For almost 25 years our laboratory has studied the impact of PAHs and related industrial contaminants on benthic fish, following an interdisciplinary approach involving chemical exposure assessment linked to synoptic detection of various effects at several levels of biological organization. These data demonstrate a cause-and-effect relationship between neoplastic and neoplasia-related liver lesions in English sole, and exposure to PAHs, and to a lesser degree, chlorinated hydrocarbons such as PCBs. In statistical analyses of data from multiple field studies conducted since 1978, exposure to PAHs measured in various compartments has consistently been identified as a highly significant, major risk factor for neoplasms and related lesions in this species, with PCB exposure shown to be a significant, but less consistent and less strong risk factor for these lesions. A cause-and-effect relationship between PAHs and toxicopathic liver lesions in this species is further supported by the experimental induction of toxicopathic lesions identical to those observed in field-collected fish, in sole exposed in the laboratory to model carcinogenic PAHs such as BaP or to PAH-rich extracts of sediments from Eagle Harbor, a severely PAH-contaminated site in Puget Sound. More recent field studies have identified significant associations between hepatic cytochrome P4501A (CYP1A) induction and xenobiotic-DNA adduct formation, and hepatic lesion prevalences in wild subadult English sole. Field studies in Eagle Harbor subsequent to capping of the most PAH-contaminated region of this harbor with clean dredge spoils have shown a decline in exposure to PAHs as assessed by biliary fluorescent aromatic compounds (FACs) and hepatic xenobiotic-DNA adducts. This decline in PAH exposure has been accompanied by a dramatic decline in risk of occurrence of toxicopathic hepatic lesions in English sole from Eagle Harbor. Further, laboratory studies have induced lesions in English sole by injections of extracts from PAHcontaminated sediments. Overall, these findings relating to exposure to PAHs and chlorinated hydrocarbons and the occurrence of hepatic neoplasms and neoplasiarelated lesions in English sole fulfill the classic criteria for causality in epizootiological or ecological risk assessment studies, including: (1) strength of association, (2) consistency of association, (3) specificity of association, (4) toxicological and biological plausibility, (5) temporal sequence/timing (i.e., exposure precedes disease, effect decreases when the cause is decreased or removed), (6) dose-response or biological gradient, and (7) supportive experimental evidence.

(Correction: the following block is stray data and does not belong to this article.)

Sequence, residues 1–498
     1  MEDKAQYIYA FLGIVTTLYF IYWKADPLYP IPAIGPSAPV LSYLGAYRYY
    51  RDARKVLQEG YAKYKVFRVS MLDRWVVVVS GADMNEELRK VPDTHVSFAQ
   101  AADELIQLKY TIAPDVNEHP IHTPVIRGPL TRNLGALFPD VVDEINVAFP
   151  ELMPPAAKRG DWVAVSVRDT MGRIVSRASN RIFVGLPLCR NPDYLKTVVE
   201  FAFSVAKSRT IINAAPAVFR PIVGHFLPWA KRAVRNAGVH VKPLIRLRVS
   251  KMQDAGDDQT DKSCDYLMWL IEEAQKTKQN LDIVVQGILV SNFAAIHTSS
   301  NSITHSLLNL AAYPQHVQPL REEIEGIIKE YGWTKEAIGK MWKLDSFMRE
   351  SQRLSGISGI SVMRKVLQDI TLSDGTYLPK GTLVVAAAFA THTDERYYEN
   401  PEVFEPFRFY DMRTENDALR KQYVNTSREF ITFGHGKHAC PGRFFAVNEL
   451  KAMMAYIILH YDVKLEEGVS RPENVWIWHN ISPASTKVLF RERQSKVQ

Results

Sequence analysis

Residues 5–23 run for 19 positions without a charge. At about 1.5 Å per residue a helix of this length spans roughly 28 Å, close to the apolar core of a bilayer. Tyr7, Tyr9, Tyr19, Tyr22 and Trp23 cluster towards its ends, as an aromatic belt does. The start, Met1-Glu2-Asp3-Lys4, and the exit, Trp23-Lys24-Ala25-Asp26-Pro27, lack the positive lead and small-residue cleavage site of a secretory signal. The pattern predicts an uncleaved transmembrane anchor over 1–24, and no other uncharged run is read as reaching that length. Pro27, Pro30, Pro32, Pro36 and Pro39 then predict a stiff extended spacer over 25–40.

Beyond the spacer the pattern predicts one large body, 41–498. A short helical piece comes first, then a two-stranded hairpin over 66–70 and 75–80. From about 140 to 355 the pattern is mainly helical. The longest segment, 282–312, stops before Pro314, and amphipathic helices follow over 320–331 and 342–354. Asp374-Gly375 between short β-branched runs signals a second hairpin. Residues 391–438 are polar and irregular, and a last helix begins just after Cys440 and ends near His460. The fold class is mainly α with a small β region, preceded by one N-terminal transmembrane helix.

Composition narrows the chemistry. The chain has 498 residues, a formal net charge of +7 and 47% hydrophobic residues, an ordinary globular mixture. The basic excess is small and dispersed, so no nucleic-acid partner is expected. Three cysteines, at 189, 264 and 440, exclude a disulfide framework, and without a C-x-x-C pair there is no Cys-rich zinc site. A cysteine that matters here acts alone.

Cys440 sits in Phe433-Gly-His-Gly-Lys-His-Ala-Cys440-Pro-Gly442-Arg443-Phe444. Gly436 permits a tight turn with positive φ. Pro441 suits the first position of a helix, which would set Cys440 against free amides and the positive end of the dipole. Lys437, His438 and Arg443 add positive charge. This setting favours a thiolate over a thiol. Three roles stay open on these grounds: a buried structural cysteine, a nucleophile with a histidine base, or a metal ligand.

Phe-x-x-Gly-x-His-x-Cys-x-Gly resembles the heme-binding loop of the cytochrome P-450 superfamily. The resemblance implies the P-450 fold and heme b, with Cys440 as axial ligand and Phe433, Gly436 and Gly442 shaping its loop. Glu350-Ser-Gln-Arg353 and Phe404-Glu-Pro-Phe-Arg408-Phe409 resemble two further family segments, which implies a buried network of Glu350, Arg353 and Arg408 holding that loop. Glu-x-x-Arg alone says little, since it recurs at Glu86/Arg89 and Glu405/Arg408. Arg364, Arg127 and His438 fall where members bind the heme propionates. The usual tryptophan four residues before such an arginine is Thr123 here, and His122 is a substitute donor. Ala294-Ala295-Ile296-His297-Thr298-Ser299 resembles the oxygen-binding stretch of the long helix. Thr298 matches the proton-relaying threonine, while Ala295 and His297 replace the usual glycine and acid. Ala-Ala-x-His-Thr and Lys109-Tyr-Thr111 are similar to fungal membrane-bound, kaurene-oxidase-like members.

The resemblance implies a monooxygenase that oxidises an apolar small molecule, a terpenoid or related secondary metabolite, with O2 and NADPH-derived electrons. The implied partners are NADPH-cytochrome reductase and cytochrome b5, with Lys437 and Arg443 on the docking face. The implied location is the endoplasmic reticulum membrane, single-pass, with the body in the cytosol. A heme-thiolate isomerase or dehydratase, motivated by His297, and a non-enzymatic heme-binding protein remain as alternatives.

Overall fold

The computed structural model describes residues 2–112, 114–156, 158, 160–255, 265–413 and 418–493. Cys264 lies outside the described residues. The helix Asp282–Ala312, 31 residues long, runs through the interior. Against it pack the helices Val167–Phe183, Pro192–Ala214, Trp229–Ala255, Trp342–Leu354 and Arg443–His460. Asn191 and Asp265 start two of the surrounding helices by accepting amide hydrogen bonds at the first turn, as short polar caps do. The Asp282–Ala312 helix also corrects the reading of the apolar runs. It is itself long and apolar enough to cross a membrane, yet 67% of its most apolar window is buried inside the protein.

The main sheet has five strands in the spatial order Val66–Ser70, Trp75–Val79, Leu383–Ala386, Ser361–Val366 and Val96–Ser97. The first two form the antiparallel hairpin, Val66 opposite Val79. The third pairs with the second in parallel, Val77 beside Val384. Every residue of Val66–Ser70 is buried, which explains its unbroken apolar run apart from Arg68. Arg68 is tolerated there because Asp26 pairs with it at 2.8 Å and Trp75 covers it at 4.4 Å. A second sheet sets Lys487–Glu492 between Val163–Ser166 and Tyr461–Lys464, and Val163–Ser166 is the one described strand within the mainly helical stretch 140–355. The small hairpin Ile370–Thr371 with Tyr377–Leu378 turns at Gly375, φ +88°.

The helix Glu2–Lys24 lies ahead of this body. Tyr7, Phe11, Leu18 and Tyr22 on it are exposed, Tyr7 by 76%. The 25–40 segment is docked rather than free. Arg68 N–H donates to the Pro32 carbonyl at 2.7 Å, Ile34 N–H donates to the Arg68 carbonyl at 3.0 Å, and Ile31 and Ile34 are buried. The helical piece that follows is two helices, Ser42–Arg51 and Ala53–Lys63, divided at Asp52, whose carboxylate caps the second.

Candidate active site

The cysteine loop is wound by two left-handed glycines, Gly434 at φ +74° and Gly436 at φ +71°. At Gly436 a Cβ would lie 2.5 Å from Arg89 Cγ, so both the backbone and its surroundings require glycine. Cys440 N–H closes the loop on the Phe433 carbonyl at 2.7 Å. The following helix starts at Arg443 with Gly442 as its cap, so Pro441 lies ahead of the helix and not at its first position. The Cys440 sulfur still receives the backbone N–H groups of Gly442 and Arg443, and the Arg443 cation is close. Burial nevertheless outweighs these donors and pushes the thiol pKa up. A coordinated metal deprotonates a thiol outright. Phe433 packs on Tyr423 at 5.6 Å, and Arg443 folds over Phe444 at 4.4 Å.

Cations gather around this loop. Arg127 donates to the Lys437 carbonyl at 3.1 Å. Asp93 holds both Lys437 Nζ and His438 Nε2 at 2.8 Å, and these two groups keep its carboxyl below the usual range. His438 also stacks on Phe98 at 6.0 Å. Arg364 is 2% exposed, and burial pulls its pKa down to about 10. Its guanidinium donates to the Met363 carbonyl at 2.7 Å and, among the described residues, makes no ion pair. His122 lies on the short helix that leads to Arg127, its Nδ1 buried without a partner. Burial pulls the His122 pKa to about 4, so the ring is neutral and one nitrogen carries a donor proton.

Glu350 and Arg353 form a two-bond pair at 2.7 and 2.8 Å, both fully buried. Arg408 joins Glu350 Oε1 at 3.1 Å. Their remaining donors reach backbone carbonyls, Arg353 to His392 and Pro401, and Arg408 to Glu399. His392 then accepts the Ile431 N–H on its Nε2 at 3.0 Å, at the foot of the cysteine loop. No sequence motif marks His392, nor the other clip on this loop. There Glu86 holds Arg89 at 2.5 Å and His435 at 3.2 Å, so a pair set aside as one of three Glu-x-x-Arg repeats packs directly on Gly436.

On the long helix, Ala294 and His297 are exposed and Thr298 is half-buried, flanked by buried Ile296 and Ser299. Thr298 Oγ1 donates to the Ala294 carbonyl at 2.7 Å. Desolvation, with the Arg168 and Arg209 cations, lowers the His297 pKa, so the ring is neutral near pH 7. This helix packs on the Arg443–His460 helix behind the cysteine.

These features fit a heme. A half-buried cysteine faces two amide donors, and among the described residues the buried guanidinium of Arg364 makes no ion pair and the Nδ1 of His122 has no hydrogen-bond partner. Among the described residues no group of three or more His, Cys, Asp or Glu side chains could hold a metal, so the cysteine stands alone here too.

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Document Type: Research Article
Ecotoxicology Program, Environmental Conservation Division, Northwest Fisheries Science Center, National Marine Fisheries Service (NMFS), National Oceanic and Atmospheric Administration (NOAA), 2725 Montlake Blvd. E, Seattle, WA 98112-2013
Publication date: 2003-01-01